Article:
Adam McKay has called for a space where mad-dog rhetoric might give way to reasoned exchange and I want to take on a specific question of his in that spirit. I fully support gay marriage myself because I think of marriage as a social contract between free individuals—and that's all. If I thought of marriage as an institution into which free individuals choose to enter in order to fulfill a divine plan, it would be a different story.
Forget scripture. Consult the copy of John Locke's Second Treatise of Government (1689) you keep on your desk next to The Federalist Papers. Focus on what Nature looked like to a rational observer who had no notion of evolution but was confronted with all these marvelously adapted creatures (as in "created") dwelling in a Newtonian universe. It looked designed. Wings for flying, teeth for chewing—not because of mutation and natural selection, but because that's how the Maker made them. Ditto for all the behaviors we now think of as instinctive, including mating behaviour and nurturing behavior. Under these conditions, the traditional family looked like a natural arrangement.
And that's how Locke saw it. But, being a forward thinking modernizer with an interest in social contracts (like constitutions), he also saw marriage as a contract that, in effect, institutionalized that natural arrangement—in rough analogy with the way the founders thought of the Bill of Rights as institutionalizing the individual natural rights with which our Maker endowed us. Locke thought of our Maker as our owner, by the way. Things like murder were ultimately wrong because they were robbery of God, not because people had rights to Life, Liberty etc. apart from God. That's how deep this "divinely ordained natural plan" idea goes in our historical template.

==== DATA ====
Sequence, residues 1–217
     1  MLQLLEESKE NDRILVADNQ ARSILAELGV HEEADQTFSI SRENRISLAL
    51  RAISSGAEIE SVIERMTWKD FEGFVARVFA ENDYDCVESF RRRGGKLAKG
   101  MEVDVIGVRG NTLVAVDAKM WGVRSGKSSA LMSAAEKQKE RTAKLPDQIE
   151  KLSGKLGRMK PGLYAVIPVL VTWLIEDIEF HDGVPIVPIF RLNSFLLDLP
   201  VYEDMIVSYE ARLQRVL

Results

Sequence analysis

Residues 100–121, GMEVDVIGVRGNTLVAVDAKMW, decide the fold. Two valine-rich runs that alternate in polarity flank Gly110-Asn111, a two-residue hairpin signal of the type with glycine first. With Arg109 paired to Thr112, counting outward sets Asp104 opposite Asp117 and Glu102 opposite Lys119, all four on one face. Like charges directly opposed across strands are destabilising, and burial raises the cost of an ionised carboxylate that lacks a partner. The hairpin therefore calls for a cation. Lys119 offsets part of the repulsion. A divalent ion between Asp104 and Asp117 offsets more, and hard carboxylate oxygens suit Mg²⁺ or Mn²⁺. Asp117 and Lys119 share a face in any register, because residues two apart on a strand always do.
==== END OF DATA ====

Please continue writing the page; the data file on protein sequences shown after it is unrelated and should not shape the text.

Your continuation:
So that's why religious conservatives experience gay marriages as threats to their marriages. When they get married they think they are entering the institution I just described—and gay marriage is a threat to that, obviously. Of course, the secular liberal wants immediately to respond "OK, go ahead and think of your marriage your way and I'll think of my marriage my way." But, to a religious conservative, that literally means that marriage isn't really a divinely ordained institution at all. The logical implication of that compromise is that marriage is what free individuals choose to "think of" it as—and we are back to the "relativism" conservatives like Pope Benedict are always so eager to denounce.
And we can see why. We can also see why both sides feel as if the other side is "imposing" its beliefs on society. I'm afraid we can also see why these values issues are not going to go away. Finally, we can see how important it is to keep evolution front and center in the biology curriculum. You don't have to be a relativist to defend gay marriage against the religious right. But, if you aren't, you will need a foundation in nature of your own...